What makes this collision even more interesting is that a new kind of player has only recently jumped into the game: the Internet company. 15 years ago, Amazon did not exist. Now, despite manufacturing nothing and owning no physical shops, it sells billions of dollars of goods. The same goes for eBay. Then there’s the even newer, smaller Internet companies that are breaking all the rules. Take Threadless. They created a unique way of selling t-shirts online and just last year opened up a storefront in Chicago. Or take Etsy. They have enabled a community of micro-manufacturers – primarily women in their homes who can now sell directly to others without having to open up a store. Will Etsy open up a store anytime soon? Who knows. But what we’re seeing, at the very edge of the shopping universe, is a blurring of the line between consumer and manufacturer/retailer. Practically anybody can open up their own shop and either sell their own handmade goods (Etsy), their own manufactured goods (CafePress), or sell their used goods (Amazon, eBay, Craigslist). Ultimately, this represents a massive power shift away from both traditional manufacturers and retailers toward the people. Those companies that facilitate this power shift win the hearts and minds of the people.

In a less direct way, big retailers have shifted power to the people—famous people. They’re all clamoring to have the next Martha Stewart, Isaac Mizrahi, or Jamie Oliver selling through their stores. In essence, this is what Nike has done so successfully over the years: recognizing that real people who are exceptional at what they do are the best people to partner with. Exceptional talent and personalities cannot be replicated.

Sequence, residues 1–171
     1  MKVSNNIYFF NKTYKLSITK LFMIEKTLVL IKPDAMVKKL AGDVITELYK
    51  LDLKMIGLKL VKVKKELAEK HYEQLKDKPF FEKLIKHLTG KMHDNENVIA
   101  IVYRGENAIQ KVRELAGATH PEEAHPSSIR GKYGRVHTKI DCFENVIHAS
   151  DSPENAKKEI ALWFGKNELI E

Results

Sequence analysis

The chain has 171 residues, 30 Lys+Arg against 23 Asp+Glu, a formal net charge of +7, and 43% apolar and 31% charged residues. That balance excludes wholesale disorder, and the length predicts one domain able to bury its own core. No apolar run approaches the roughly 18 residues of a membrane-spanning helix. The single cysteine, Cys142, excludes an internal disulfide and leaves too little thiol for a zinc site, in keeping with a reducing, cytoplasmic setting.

So what does all of this mean?

It means be the very best at whatever you do. Which means innovating, learning, working hard, and all of the things you’d expect to hear. But first it means you really have to figure out what exactly you do. You don’t “manufacture,” “sell,” “design”—that’s all superficial. What you do is what you do for people…how you make them feel, how you make their lives better. It’s no different than when somebody asks you “What you are?” You might say “dad,” “banker,” “soccer player,” etc. We all do lots of things, but what is the “you” that unites all of that…the “you” at the center of you that makes you different from everybody else out there?

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Robi Ganguly

Well put. I think you’re really on to something here when you think about how our personal brands are now being linked to the brands of the companies that we do business with and vice versa. Navigating this interconnection is a huge opportunity, for the individual AND for the companies, isn’t it? Likewise, part of the thinking both parties should be doing here is around what we DON’T want to partner with as well. Companies need to be more thoughtful about who they really want as customers and individuals should be thinking more and more about what kind of companies should be getting their time, their brand association AND their money.

Mark Jacobs

What makes this so challenging (one of many things) is the size of so many organizations. Imagine you, me and a thousand other people getting together and agreeing that we want Joe Blow to be our good friend? Identity is a very personal thing. Smaller companies have it much easier (not that it’s ever easy). I think it comes down to true leaders, visionaries.